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AuthorMolino, Pierre. author
TitleRiemannian Foliations [electronic resource] / by Pierre Molino
ImprintBoston, MA : Birkhรคuser Boston, 1988
Connect tohttp://dx.doi.org/10.1007/978-1-4684-8670-4
Descript XII, 344 p. online resource

SUMMARY

Foliation theory has its origins in the global analysis of solutions of ordinary differential equations: on an n-dimensional manifold M, an [autonomous] differential equation is defined by a vector field X ; if this vector field has no singularities, then its trajectories form a parยญ tition of M into curves, i.e. a foliation of codimension n - 1. More generally, a foliation F of codimension q on M corresponds to a partition of M into immersed submanifolds [the leaves] of dimension ,--------,- - . - -- p = n - q. The first global image that comes to mind is 1--------;- - - - - - that of a stack of "plaques". 1---------;- - - - - - Viewed laterally [transverยญ 1--------1- - - -- sally], the leaves of such a 1--------1 - - - - -. stacking are the points of a 1--------1--- ----. quotient manifold W of diยญ L..... -' _ mension q. -----̃) W M Actually, this image corresponds to an elementary type of foliaยญ tion, that one says is "simple". For an arbitrary foliation, it is only l- u L ally [on a "simpIe" open set U] that the foliation appears as a stack of plaques and admits a local quotient manifold. Globally, a leaf L may - - return and cut a simple open set U in several plaques, sometimes even an infinite number of plaques


CONTENT

1 Elements of Foliation theory -- 1.1. Foliated atlases ; foliations -- 1.2. Distributions and foliations -- 1.3. The leaves of a foliation -- 1.4. Particular cases and elementary examples -- 1.5. The space of leaves and the saturated topology -- 1.6. Transverse submanifolds ; proper leaves and closed leaves -- 1.7. Leaf holonomy -- 1.8. Exercises -- 2 Transverse Geometry -- 2.1. Basic functions -- 2.2. Foliate vector fields and transverse fields -- 2.3. Basic forms -- 2.4. The transverse frame bundle -- 2.5. Transverse connections and G-structures -- 2.6. Foliated bundles and projectable connections -- 2.7. Transverse equivalence of foliations -- 2.8. Exercises -- 3 Basic Properties of Riemannian Foliations -- 3.1. Elements of Riemannian geometry -- 3.2. Riemannian foliations: bundle-like metrics -- 3.3. The Transverse Levi-Civita connection and the associated transverse parallelism -- 3.4. Properties of geodesics for bundle-like metrics -- 3.5. The case of compact manifolds : the universal covering of the leaves -- 3.6. Riemannian foliations with compact leaves and Satake manifolds -- 3.7. Riemannian foliations defined by suspension -- 3.8. Exercises -- 4 Transversally Parallelizable Foliations -- 4.1. The basic fibration -- 4.2. CompIete Lie foliations -- 4.3. The structure of transversally parallelizable foliations -- 4.4. The commuting sheaf C(M, F) -- 4.5. Transversally complete foliations -- 4.6. The Atiyah sequence and developability -- 4.7. Exercises -- 5 The Structure of Riemannian Foliations -- 5.1. The lifted foliation -- 5.2. The structure of the leaf closures -- 5.3. The commuting sheaf and the second structure theorem -- 5.4. The orbits of the global transverse fields -- 5.5. Killing foliations -- 5.6. Riemannian foliations of codimension 1, 2 or 3 -- 5.7. Exercises -- 6 Singular Riemannian Foliations -- 6.1. The notion of a singular Riemannian foliation -- 6.2. Stratification by the dimension of the leaves -- 6.3. The local decomposition theorem -- 6.4. The linearized foliation -- 6.5. The global geometry of SRFs -- 6.6. Exercises -- Appendix A Variations on Riemannian Flows -- Appendix B Basic Cohomology and Tautness of Riemannian Foliations -- Appendix C The Duality between Riemannian Foliations and Geodesible Foliations -- Appendix D Riemannian Foliations and Pseudogroups of Isometries -- Appendix E Riemannian Foliations: Examples and Problems -- References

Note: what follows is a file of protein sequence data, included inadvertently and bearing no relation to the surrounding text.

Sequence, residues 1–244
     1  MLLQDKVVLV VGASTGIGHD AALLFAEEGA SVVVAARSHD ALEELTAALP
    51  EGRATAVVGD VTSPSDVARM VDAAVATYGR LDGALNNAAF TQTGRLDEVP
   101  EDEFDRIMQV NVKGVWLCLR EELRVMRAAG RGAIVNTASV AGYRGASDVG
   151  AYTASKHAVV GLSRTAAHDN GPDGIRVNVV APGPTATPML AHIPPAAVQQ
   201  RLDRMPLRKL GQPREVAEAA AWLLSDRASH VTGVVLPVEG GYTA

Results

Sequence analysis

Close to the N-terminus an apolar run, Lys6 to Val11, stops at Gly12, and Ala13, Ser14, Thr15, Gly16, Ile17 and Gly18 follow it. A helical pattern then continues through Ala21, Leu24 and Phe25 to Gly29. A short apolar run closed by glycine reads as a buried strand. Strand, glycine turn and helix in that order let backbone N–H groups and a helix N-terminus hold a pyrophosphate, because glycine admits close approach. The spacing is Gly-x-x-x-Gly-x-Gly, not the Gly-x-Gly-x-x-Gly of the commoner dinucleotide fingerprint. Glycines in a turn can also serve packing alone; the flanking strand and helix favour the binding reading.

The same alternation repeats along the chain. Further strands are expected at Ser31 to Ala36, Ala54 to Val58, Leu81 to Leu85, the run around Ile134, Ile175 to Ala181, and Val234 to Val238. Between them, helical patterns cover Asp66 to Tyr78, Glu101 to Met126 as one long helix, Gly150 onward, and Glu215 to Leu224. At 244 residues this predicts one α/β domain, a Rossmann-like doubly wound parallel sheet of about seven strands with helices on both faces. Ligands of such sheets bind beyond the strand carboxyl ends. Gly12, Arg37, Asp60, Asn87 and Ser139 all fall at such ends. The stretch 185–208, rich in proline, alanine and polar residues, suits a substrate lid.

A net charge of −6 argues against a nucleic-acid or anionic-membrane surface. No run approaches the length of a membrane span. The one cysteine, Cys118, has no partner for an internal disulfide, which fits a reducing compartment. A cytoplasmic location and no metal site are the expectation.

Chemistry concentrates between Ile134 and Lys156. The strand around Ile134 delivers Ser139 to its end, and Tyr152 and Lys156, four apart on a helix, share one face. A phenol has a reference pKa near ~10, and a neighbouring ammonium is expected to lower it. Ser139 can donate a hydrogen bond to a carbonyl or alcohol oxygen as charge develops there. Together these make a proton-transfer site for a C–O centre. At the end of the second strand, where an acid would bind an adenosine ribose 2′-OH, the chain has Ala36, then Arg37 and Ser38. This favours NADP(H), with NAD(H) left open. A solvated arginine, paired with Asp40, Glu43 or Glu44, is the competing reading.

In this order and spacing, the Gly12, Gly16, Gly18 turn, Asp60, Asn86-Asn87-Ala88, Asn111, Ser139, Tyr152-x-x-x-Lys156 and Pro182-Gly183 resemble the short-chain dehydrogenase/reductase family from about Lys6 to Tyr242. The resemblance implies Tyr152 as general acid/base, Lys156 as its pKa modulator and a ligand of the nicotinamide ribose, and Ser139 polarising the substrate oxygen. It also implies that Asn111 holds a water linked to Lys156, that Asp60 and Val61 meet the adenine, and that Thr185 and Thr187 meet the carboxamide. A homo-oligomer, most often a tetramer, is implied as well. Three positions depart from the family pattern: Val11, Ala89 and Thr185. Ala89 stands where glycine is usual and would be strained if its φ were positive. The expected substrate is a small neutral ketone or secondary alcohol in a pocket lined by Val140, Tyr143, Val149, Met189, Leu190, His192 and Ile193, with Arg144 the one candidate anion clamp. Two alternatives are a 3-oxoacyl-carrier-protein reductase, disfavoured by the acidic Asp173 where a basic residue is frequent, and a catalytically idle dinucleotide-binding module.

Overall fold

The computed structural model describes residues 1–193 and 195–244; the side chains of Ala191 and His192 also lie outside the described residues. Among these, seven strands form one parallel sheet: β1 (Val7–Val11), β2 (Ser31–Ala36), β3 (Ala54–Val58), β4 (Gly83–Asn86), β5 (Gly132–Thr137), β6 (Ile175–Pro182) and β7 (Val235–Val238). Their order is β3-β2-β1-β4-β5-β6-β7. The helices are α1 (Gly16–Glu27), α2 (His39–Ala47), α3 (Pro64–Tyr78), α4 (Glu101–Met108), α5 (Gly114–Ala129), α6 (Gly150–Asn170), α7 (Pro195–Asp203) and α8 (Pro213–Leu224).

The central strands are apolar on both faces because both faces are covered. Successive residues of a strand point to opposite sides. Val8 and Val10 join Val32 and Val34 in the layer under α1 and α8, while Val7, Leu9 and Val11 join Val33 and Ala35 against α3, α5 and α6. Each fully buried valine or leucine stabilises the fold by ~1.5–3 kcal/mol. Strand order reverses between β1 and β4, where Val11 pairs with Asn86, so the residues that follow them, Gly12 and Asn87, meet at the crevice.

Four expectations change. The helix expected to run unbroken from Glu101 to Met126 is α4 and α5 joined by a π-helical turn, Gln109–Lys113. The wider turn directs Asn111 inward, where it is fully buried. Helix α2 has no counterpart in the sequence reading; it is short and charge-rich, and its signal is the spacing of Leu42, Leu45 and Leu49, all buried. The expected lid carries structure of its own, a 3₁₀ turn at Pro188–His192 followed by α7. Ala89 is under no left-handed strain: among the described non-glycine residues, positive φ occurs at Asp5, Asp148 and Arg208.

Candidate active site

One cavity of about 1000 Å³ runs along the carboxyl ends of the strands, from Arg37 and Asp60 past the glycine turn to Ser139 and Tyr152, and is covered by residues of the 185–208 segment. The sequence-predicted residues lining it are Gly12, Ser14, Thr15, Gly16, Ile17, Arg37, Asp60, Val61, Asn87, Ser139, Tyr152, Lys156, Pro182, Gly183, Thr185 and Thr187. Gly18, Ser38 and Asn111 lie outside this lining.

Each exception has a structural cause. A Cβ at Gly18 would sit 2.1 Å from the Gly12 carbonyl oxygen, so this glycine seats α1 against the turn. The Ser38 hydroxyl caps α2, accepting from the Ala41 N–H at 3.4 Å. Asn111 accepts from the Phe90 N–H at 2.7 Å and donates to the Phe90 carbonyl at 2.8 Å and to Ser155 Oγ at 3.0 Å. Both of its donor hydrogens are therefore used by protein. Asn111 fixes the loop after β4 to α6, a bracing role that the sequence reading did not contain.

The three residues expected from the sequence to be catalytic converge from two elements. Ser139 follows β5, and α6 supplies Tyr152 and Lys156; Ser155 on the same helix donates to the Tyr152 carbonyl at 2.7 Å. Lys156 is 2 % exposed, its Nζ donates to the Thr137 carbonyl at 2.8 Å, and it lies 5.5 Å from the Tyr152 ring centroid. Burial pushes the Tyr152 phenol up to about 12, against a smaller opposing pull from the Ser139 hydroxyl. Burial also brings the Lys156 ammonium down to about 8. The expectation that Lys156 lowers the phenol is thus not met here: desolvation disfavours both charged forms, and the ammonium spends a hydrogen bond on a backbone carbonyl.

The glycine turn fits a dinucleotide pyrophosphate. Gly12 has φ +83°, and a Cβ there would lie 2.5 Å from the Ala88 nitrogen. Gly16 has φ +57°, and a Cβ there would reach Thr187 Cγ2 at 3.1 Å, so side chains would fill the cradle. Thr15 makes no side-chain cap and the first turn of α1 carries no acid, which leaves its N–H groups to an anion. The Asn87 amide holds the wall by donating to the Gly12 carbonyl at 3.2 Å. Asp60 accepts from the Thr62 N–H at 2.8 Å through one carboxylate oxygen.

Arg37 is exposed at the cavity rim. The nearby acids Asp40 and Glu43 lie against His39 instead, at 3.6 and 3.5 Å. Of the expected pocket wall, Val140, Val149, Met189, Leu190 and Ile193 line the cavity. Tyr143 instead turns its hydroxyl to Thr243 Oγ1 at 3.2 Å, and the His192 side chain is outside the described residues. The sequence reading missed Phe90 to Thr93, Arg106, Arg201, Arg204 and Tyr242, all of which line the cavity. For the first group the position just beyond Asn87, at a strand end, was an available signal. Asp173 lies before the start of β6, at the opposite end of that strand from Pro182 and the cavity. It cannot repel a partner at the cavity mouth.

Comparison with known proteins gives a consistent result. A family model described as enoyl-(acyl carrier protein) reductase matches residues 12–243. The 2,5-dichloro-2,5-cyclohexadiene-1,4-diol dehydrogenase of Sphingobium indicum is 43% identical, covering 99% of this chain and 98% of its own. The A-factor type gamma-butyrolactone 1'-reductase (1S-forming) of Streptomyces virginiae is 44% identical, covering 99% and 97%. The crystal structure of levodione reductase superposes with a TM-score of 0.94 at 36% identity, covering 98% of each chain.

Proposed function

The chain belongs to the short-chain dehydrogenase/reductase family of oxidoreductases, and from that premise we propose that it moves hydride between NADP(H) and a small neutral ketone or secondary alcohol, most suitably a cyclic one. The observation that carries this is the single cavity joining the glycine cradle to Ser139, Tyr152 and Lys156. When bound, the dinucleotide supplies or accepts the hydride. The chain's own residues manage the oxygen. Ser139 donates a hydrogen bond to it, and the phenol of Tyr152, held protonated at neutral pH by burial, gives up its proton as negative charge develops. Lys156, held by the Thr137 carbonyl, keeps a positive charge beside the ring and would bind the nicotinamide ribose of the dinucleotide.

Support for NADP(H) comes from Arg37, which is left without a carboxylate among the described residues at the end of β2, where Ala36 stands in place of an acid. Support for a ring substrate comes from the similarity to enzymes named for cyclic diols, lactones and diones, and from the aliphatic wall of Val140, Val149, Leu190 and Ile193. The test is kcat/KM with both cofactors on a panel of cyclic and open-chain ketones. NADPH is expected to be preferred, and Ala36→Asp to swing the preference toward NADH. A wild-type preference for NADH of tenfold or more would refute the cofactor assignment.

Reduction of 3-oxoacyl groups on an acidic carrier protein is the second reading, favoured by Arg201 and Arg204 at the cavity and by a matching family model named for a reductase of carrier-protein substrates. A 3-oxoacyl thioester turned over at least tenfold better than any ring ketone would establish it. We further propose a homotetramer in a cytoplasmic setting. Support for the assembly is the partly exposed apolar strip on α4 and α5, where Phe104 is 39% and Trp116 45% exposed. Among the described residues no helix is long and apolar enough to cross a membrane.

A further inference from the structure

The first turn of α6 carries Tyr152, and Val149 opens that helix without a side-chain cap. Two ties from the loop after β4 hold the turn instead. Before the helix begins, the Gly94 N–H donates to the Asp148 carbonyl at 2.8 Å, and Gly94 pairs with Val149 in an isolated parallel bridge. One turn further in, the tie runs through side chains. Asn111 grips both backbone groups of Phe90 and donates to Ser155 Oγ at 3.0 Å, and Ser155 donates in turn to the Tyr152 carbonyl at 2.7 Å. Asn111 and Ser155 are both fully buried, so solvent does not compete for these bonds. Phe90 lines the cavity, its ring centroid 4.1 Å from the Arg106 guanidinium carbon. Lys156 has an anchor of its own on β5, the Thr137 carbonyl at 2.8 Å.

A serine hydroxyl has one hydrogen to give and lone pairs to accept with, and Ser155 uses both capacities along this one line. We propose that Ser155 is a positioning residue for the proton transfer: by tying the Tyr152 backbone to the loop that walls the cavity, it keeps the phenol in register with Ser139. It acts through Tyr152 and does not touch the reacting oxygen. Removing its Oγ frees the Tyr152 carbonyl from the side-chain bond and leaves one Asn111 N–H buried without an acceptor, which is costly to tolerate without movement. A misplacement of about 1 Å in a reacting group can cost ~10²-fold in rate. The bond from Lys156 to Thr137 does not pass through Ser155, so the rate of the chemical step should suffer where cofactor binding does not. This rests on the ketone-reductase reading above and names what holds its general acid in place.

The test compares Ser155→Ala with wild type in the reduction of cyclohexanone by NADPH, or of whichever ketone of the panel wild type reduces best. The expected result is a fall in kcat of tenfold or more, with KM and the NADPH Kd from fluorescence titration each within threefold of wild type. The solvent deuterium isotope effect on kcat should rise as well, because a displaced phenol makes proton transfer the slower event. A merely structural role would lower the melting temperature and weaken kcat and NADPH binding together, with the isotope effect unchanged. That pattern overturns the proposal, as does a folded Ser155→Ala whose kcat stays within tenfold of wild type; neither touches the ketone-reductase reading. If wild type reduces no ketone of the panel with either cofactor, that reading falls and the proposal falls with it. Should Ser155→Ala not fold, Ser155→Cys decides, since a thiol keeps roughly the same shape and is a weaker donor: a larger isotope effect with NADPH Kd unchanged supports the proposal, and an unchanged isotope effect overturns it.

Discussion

Mathematics Geometry Differential geometry Mathematics Geometry Differential Geometry



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